http://www.sans.org/vlive/details/for610-mar-2013-jake-williams

Jake at DFIR Austin Texas July 11-15, 2013:

http://www.sans.org/event/dfir-summit-2013/course/reverse-engineering-malware-malware-analysis-tools-techniques




(c) SANS Internet Storm Center. http://isc.sans.edu Creative Commons Attribution-Noncommercial 3.0 United States License.
 
(c) SANS Internet Storm Center. http://isc.sans.edu Creative Commons Attribution-Noncommercial 3.0 United States License.
 
Samsung has taken the wraps off of its new Galaxy S4 smartphone, which will support global LTE roaming and has front- and rear-facing cameras that can be used simultaneously, the company said.
 
Samsung's next-generation Galaxy S4 smartphone was unveiled in New York City at 7 p.m. ET.
 
Adobe Reader Unspecified Remote Code Execution Vulnerability
 
Apple QuickTime CVE-2012-3756 Buffer Overflow Vulnerability
 
Secunia highlights the growing need for better third-party application security, plus Microsoft's security improvements, and the growing cost of zero-days.

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A Pentagon advisory panel suggests both beefed-up U.S. cyber-defenses and a proactive plan for offense.

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A former Tribune Company employee could face as much as 10 years of jail time over federal charges accusing him of conspiring with members of the hacker group Anonymous to hack into a Tribune website.
 

Matthew Keys, deputy social media editor for Reuters, has been charged with conspiring with members of Anonymous to hack into the website of the Los Angeles Times in December 2010.

Keys, 26, was charged with one count each of conspiracy to transmit information to damage a protected computer, transmitting information to damage a protected computer, and attempted transmission of information to damage a protected computer. The crimes carry sentences of up to ten years and fines of up to $250,000, though any actual sentences are likely to be a small fraction of these.

Keys was a former employee of California television station KTXL Fox 40. Fox 40 and the LA Times are both owned by media conglomerate the Tribune Company. Through his employment, he had credentials to the Tribune Company's content management system (CMS).

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Oracle Java SE Remote Code Execution Vulnerability
 
Facebook has been busy lately, unveiling Graph Search, a new News Feed and now a redesign of Timeline. The good news is that the changes are likely to improve the social network. Here's a look at the best features of Facebooks recent updates.
 

If you've got 99 security problems, odds are Microsoft's not one—or at least it's just a minority of them. In its annual review of software vulnerabilities, security software firm Secunia found that 86 percent of vulnerabilities discovered on systems scanned by its software in the 50 most popular Windows software packages in 2012 were attributable to third-party developers and not to Microsoft's Windows operating system or applications. And for most of these vulnerabilities, a patch was already available at the time they were discovered.

Of the top 50 most used Windows packages—including the Windows 7 operating system itself, 18 were found to have end-point security vulnerabilities, a 98 percent increase over five years ago. Of those 18 packages, Google's Chrome and the Mozilla Firefox browser were the biggest culprits, with 291 and 257 detected vulnerabilities respectively. Apple iTunes came in third, with 243 detected vulnerabilities. The remainder of the top ten offenders were:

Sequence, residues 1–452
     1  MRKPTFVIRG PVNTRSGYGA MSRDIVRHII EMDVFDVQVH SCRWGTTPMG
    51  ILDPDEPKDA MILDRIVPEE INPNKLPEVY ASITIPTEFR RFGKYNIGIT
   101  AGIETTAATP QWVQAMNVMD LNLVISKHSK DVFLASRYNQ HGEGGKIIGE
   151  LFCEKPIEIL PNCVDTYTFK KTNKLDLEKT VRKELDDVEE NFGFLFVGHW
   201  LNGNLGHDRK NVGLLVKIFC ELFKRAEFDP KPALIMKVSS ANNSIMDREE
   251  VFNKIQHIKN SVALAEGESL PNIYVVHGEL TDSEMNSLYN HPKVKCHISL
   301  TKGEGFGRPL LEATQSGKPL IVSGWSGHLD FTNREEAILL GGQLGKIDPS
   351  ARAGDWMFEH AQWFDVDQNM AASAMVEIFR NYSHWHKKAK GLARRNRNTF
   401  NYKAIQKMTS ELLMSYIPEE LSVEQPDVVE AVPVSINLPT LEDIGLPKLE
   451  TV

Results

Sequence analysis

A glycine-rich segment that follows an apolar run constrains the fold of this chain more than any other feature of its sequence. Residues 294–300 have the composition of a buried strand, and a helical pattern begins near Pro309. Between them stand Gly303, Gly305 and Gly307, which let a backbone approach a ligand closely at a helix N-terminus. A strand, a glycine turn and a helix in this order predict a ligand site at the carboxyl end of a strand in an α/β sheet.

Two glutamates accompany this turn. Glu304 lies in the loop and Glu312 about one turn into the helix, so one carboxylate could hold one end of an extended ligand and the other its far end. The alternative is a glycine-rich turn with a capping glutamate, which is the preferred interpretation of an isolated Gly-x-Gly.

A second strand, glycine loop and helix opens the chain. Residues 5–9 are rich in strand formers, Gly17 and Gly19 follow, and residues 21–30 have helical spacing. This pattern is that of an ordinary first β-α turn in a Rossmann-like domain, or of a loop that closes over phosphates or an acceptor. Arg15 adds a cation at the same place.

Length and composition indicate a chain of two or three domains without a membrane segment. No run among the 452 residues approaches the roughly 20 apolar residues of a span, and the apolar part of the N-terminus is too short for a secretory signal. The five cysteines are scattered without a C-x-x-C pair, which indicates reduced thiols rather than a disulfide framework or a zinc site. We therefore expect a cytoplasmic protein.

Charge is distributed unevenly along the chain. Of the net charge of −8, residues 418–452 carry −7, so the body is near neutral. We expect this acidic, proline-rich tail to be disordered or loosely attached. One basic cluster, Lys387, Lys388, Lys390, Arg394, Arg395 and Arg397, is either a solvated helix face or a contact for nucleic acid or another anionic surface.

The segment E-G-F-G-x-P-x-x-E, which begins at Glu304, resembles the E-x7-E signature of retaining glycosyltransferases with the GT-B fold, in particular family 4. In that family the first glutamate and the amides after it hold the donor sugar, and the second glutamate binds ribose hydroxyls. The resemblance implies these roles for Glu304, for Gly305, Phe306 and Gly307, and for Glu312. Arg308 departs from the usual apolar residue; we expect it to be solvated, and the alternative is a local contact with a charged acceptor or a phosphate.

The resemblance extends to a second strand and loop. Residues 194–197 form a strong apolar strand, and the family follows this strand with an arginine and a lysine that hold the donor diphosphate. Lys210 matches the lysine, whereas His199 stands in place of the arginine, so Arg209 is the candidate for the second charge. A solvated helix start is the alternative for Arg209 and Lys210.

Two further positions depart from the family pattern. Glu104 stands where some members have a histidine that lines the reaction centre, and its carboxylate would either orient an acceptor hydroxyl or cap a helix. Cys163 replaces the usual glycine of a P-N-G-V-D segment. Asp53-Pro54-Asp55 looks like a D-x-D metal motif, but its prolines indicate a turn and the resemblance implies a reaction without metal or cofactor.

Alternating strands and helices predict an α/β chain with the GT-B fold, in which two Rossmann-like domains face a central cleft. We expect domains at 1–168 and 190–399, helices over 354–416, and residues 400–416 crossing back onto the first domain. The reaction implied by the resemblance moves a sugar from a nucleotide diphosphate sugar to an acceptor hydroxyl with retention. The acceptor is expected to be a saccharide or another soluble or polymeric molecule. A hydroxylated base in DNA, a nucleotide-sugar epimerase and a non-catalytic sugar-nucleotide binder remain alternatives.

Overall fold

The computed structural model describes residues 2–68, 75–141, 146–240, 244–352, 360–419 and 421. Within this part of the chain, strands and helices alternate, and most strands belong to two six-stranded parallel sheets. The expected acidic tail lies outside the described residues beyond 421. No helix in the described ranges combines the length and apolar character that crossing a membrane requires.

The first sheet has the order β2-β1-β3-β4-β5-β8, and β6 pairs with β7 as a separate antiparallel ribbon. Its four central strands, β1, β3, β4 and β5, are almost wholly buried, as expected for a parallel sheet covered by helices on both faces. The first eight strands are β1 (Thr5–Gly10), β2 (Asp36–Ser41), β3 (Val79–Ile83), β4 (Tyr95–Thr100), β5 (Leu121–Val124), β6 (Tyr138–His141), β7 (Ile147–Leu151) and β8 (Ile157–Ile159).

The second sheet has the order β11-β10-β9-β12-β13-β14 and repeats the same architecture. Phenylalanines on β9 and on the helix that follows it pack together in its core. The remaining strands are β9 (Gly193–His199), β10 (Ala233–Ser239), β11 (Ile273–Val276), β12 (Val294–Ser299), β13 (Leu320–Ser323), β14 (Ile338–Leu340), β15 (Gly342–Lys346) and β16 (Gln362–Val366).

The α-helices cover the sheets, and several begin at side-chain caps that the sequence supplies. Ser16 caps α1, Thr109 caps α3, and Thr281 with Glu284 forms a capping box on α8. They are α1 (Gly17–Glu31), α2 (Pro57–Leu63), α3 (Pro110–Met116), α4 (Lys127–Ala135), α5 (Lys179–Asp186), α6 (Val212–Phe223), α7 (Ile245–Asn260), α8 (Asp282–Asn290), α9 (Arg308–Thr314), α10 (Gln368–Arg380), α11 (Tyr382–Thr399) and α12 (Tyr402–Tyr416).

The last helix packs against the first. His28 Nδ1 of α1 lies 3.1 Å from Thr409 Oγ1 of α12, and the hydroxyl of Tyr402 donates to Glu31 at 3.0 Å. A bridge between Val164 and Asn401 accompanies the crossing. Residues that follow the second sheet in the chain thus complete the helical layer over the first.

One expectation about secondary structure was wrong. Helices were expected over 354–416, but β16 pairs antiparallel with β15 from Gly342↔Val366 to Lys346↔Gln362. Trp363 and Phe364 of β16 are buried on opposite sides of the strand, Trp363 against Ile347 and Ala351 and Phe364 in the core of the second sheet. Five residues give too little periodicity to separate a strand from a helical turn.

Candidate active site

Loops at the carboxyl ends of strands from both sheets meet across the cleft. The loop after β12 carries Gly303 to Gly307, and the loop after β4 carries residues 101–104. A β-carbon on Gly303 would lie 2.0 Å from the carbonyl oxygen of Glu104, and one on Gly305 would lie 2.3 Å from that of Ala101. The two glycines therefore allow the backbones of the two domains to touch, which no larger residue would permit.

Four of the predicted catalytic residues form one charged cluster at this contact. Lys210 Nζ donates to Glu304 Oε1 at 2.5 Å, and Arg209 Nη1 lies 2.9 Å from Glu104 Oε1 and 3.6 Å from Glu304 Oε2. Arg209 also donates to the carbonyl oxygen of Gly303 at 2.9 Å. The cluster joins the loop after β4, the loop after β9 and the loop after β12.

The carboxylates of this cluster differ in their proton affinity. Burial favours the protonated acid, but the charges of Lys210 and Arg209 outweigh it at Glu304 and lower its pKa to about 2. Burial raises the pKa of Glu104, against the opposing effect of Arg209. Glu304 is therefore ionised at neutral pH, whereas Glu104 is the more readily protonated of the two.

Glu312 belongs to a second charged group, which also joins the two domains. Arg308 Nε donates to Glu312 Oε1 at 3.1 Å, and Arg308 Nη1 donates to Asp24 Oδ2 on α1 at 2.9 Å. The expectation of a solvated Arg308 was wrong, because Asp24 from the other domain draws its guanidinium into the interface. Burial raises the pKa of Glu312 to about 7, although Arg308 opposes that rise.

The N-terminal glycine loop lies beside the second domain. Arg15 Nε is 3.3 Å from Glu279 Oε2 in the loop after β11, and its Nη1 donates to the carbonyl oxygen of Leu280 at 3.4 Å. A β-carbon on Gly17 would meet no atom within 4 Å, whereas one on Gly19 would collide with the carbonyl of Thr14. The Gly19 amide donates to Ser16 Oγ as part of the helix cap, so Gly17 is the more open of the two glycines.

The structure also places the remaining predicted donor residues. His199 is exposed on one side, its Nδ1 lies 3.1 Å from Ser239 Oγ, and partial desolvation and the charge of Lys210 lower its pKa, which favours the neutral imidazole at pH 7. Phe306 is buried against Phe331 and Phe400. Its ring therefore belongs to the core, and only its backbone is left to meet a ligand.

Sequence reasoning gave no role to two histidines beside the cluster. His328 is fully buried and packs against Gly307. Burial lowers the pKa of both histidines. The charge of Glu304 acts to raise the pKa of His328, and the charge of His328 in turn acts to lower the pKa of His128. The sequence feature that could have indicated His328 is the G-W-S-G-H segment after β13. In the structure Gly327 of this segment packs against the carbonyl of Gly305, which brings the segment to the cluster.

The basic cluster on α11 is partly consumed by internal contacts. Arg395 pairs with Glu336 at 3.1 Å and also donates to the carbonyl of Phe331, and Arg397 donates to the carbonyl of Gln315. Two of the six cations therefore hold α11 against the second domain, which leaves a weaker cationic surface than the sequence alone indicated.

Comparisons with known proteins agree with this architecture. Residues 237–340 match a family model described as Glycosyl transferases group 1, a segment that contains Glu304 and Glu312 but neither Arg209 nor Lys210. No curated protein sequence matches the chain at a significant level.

• Adobe Flash Player: 67
  • Oracle Java JRE SE: 66
  • Adobe AIR: 56
  • Microsoft Windows 7: 50
  • Adobe Reader: 43
  • Microsoft Internet Explorer: 41
  • Apple Quicktime: 29

Of the vulnerabilities documented in Secunia's database, 84 percent had already been patched by vendors when they were discovered on systems. "This means that it is possible to remediate the majority of vulnerabilities," said Secunia Director of Product Management Morten R. Stengaard. "There is no excuse for not patching."

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[SECURITY] [DSA 2640-1] zoneminder security update
 
[SECURITY] [DSA 2644-1] wireshark security update
 

Richard Porter --- ISC Handler on Duty
(c) SANS Internet Storm Center. http://isc.sans.edu Creative Commons Attribution-Noncommercial 3.0 United States License.
 
The U.S. International Trade Commission will take two more months to decide whether Apple's iPhone and iPad should be taken off sale in the U.S. due to alleged patent infringements, it said late Tuesday.
 
Microsoft has issued a detailed mea culpa about the lengthy and ill-timed outage that affected its webmail services on Tuesday and Wednesday, an incident that undermines the company's push for its new Outlook.com as a better alternative to Gmail and Yahoo Mail.
 
For a variety of reasons, some businesses are looking to downgrade from Windows 8 to Windows 7. The good news is that Microsoft's business licenses come with downgrade rights, but the catch is that the rules can be tricky and compliance could become an issue. Here are some clarifications on your rights when downgrading from Windows 8 or standardizing on noncurrent Microsoft software.
 
A day after Andy Rubin stepped aside from leading Android, Google today said that Jeff Huber, the company's head of mapping and commerce, is also leaving his post.
 
Scientists at the California Institute of Technology have taken the next step in the evolution of the computer chip, developing self-healing integrated chips.
 
Americans took to the Internet Thursday as tens of thousands signed petitions on sites pleading for Google Reader's life.
 
The U.S. Congress needs to shut down so-called patent trolls whose infringement lawsuits are diverting company resources from hiring and research, a group of technology companies told lawmakers Thursday.
 

The federal government's official catalog of software vulnerabilities was taken offline after administrators discovered two of its servers had been compromised. By malware. That exploited a software vulnerability.